CLARKSVILLE, Tenn. — Construction crews are now remediating a large sinkhole discovered a few months ago during construction of the new Governors Stadium. The hole, identified in March when construction crews installed underground utilities, was relatively small, measuring only a few feet across. However, once work began to remediate the sinkhole, workers encountered unstable soil conditions that required an excavation more than 40 feet deep.
Crews began backfilling the sinkhole Wednesday, after finding adequately stable soil. Rock and concrete has been placed into the hole to begin backfilling it and permanently remediating the hole. Campus officials expect construction crews to have it safely remediated by early next week. The Governors Stadium project includes contingency funds for handling unknown construction conditions, such as sinkholes.
The sinkhole will not delay the project, with the Governors football home opener still scheduled to take place in the newly renovated stadium on Sept. 13.
While the scale of the sinkhole was a surprise to University officials, sinkholes are relatively common in this area. The Austin Peay State University campus landscape highlights several sinkholes. Referred to as “The Bowls,” the center point of campus features two large remediated sinkholes that have been part of the landscape since the University was founded in 1927. Harned Hall, the oldest academic building on campus, features a bowl with the University logo in the center as part of its landscaping.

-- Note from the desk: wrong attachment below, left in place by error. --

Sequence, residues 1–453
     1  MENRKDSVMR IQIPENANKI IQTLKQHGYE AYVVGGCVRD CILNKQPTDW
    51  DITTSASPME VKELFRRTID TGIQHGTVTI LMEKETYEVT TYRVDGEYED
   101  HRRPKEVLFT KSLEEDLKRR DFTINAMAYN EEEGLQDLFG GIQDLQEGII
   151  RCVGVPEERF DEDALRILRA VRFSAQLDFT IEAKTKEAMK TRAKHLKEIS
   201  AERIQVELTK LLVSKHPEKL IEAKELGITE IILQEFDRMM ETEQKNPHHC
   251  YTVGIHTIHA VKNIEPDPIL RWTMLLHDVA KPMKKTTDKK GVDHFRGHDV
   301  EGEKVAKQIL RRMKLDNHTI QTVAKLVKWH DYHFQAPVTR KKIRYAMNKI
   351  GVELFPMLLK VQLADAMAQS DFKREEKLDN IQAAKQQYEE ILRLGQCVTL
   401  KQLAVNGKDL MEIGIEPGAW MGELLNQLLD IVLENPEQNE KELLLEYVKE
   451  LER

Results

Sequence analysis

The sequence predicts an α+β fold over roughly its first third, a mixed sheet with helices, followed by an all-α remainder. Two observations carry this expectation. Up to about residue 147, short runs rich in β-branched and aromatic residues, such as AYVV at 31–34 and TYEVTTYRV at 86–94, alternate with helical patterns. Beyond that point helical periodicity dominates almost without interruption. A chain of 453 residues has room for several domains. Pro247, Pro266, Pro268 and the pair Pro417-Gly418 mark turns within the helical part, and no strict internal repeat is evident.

Most of Middle Tennessee and Central Kentucky are comprised of karst topography. According to information from the United States Geological Survey (USGS) website, karst topography is a terrain with distinctive landforms and hydrology created from the dissolution of soluble rocks, principally limestone and dolomite. The area is part of the Midwest Paleozoic Carbonate Aquifers that range from the Great Lakes region in Northern Michigan to Northern Alabama and cover the vast majority of the Middle Tennessee area. Clarksville and Montgomery County sit on top of large beds of rich limestone, making this region prone to sinkholes.
Updated- 5/22/2014 Photo gallery Crews have nearly filled the sinkhole on Austin Peay State University's football field with rock and concrete on Thursday, May 22, 2014.